Outcomes of Limbal Stem Cell Transplant: A Meta-analysis.
In this study, different approaches of limbal stem cell transplantation (LSCT) to restore the ocular surface are compared. Direct transplantation (without the need of expanding the cells ex vivo in the laboratory) is compared to the ex vivo cultivation of cells. Moreover, autologous (from the same patient) procedures are compared to allogeneic (from donor tissue). The findings of this study suggest that LSCT can improve or stabilize the corneal surface and autologous LSCT have a higher success rate and lower complications.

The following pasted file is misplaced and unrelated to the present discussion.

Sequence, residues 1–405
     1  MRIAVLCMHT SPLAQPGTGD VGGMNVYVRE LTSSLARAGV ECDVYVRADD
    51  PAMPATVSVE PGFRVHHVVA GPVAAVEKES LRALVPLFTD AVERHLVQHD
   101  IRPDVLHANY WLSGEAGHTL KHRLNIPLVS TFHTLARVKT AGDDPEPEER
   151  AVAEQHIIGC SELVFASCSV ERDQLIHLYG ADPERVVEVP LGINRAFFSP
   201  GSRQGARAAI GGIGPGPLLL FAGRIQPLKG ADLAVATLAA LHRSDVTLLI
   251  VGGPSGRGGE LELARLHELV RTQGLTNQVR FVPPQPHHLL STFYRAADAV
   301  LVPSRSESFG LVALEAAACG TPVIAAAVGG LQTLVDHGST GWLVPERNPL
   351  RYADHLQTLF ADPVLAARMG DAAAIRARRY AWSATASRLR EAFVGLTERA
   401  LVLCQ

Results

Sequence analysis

Importance: Limbal stem cell transplant (LSCT) can be categorized as direct autologous limbal transplant (AULT), direct allogenic limbal transplant (ALLT), cultivated autologous limbal stem cells transplant (cAULT), and cultivated allogenic limbal stem cells transplant (cALLT). To our knowledge, there is no study directly comparing the outcomes and complications of these procedures. Objective: To evaluate the outcomes of different LSCT procedures. Data Source: We searched PubMed, EMBASE, Web of Science, and Cochrane without language filter for peer-reviewed articles about LSCT. The latest search was performed on June 30, 2019. Study Selection: Clinical studies with the outcome of at least 20 eyes after LSCT were included. Animal studies and studies of other surgical interventions were excluded. Data Extraction and Synthesis: Two reviewers independently abstracted the data from each study. Heterogeneity was evaluated with the I2 statistic, and a meta-analysis was performed using the random-effects model. Main Outcomes and Measures: Outcome measures included the improvement of ocular surface, visual acuity (VA), and adverse events of recipient eyes and donor eyes. Results: Forty studies (2202 eyes) with a mean (SD) follow-up of 31.3 (20.9) months met the inclusion criteria. The mean (SD) age of study participants was 38.4 (13.1) years, and men accounted for 74%. The number of eyes that underwent AULT, ALLT, cAULT, and cALLT were 505, 742, 771, and 184, respectively. Improvement of the ocular surface was achieved in 74.5% of all eyes, 85.7% of eyes after AULT (95% CI, 79.5%-90.3%), 84.7% after cAULT (95% CI, 77.2%-90.0%), 57.8% after ALLT (95% CI, 49.0%-66.1%), and 63.2% after cALLT (95% CI, 49.3%-75.2%). Autologous limbal transplantation resulted in a greater VA improvement rate (76%) than did the other 3 procedures (cAULT: 56.4%; ALLT: 52.3%; cALLT: 43.3%; all P < .001). The most common adverse events in all recipient eyes were recurrent/persistent epithelial erosion (10.5%; 95% CI, 7.2%-23.3%) and elevated intraocular pressure (intraocular pressure, 1.7%; 95% CI, 0.5%-7.8%). Patients who underwent ALLT had the highest rate of recurrent epithelial erosion (27.8%; 95% CI, 17.1%-41.9%) and intraocular pressure elevation (6.3%; 95% CI, 1.8%-19.4%). Conclusions and Relevance: These findings suggest LSCT can improve or stabilize the corneal surface with a low rate of severe ocular complications and that autologous LSCT may have a higher success rate and fewer complications than allogenic LSCT.